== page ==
(urth) Castleview and Arthuriana

Craig Brewer cnbrewer at yahoo.com
Wed May 16 19:44:16 PDT 2007


I’m so glad you took another look at the book (and at
my ideas). The more I think about it, the more I agree
that the jumbled mythologies are so “messy” that it
may not be fruitful to try to untangle them all.
Hopefully, that confusion is the point in this case,
that “Faerie” in all its forms is mysterious.
Otherwise, I feel either that I’m not that great a
reader of this book or that Wolfe created something
overly tangled.

>>Why the hell was the Green Man riding Odin's horse?
>What does the Green Man have to do with the Wild

Great questions (and typical, I think). I know that
some versions of the Wild Hunt associate it with the
coming of a great person’s death, so perhaps it’s the
death of Spring/Green Man?

>>A lot of the confusion is due to Wolfe mixing
>mythologies. <g>

Indeed. My question now is what to make of those
mixes, either in general or in particular instances.

>>Besides, the trouble at the camp started well before
>Shields came to town. Wrangler was the general object
>of those attentions. The phantom castle had been
>for about a century before either man was born.
>Wrangler's family had been involved one way or
>with the castle for generations.

All this seems right. Does that mean, then, that when
Dr.vM and Morgan yell about kings, they’re talking
about different ones? She’s talking about Wrangler and
the Dr.vM is talking about Shields?

>>Once the battle began, Seth tossed Excalibur to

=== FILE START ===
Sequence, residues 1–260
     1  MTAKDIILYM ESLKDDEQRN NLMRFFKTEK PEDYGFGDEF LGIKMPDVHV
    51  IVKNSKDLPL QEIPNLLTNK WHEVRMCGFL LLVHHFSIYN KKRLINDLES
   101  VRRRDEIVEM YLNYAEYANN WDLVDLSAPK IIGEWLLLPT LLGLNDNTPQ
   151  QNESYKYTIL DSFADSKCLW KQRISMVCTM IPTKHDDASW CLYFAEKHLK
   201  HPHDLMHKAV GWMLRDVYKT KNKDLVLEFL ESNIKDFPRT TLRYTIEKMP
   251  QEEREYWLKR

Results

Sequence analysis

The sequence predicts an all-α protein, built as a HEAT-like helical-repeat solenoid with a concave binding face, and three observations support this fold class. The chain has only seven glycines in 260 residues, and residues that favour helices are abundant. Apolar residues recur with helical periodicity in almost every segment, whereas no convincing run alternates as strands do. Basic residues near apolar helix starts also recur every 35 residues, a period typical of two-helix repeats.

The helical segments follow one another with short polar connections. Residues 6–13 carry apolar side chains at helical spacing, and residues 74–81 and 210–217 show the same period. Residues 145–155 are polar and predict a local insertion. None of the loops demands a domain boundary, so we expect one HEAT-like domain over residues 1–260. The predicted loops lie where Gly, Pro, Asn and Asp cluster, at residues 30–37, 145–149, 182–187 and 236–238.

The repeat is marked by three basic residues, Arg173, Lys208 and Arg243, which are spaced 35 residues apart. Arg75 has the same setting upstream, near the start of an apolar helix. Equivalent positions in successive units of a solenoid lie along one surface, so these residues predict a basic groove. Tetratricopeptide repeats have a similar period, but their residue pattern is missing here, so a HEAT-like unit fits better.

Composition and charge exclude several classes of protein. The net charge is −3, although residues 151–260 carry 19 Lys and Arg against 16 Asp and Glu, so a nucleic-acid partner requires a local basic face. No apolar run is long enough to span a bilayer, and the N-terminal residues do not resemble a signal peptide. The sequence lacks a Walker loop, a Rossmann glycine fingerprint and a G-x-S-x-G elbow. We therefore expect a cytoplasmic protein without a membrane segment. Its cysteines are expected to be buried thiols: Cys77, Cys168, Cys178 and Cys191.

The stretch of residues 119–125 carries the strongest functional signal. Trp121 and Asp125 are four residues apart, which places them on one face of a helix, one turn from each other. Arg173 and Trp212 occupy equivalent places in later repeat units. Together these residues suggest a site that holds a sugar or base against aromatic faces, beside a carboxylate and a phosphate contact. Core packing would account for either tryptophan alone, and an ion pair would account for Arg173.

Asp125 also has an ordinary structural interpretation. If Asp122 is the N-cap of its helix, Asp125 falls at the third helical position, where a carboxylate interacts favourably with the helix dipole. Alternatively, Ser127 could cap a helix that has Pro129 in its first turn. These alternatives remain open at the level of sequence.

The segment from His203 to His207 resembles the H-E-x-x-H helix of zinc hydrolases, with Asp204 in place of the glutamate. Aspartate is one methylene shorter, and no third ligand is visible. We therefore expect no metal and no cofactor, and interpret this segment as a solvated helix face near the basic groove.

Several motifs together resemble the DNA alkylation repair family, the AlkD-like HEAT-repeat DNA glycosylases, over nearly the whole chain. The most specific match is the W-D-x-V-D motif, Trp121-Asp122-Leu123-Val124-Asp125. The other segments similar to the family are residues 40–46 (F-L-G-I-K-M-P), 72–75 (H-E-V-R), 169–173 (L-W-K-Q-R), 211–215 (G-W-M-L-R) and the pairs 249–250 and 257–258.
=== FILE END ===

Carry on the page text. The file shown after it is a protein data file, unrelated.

>Wrangler. It's not clear that Wrangler ever used it;
>made more use of his brother's forty-four. The battle
>ended almost as soon as it began. Back at the camp,
>Wrangler stored the sword in the bottom of his
>brother's old trunk-- minus the scabbard.

I thought Seth had it at the end. (I don’t have my
copy with me here.) But that was why I wondered if he
was to be another Arthur figure.

>>The Malory quote at the front of the book said that
>the scabbard was more valuable than the sword because
>it was a specific against loss of blood. In the
>epilogue, the empty scabbard hung above Shields'
>oceanic bed. The scabbard had done (if Shields was
>truly the "dead" king Dr. vM spoke of), and would do,
>neither man any good unless or until it .was reunited
>with the sword.

Good point. Getting the sword and scabbard back
together again is a different kind of mythological
future than Arthur returning for the glory of
Castleview? Something else?

>>And exactly what kind of being was the doctor? What
>sort of dog/wolf could take the form of a man? And
>or what was the large "wild-eyed, riderless hunter"
>followed the Green Man into the courtyard (273)? A
>favored hound from the Huntsman's pack?

Perhaps. But then he also claims to be from a society
that seems rather set on discovering (and quelling?)
supernatural occurrences. So he’s either
anti-“supernatural” (which is obviously wrong) or in
some antagonistic faction
but antagonistic to

>>The Arthurian material has been too distorted and
>tangled up with other stuff.

I’m starting to think that’s true. It makes some of
the Arthurian material seem, if not a red herring, at
least occasionally misleading in its broader

>>The literal fall of Excalibur to Earth from a
>destroyed planet has no place at all in Arthuriana
>(245). But Fee's true form seems to be that of an
>alien(262). Messy.

And it’s with the aliens that I want to throw up my
hands (or treat it as some master key, which I have
trouble with as well).

no mysteries solved but more questions raised. If
we come to think that this book is essentially
knotted, that at least does give a very interesting
counter-example to the common notion that all of
Wolfe’s “puzzles” can be solved by discerning readers.
It also makes me question whether some of the puzzles
in the other works are supposed to remain so. That
said, it raises some other interesting questions about
the literary merit of “puzzles” like this: what
purpose(s) do they serve when they are solvable and
when they are opaque. After all, puzzles and ambiguity
have very different interpretive consequences.

Again, thanks for taking the time to reread the book
(and my earlier post)!


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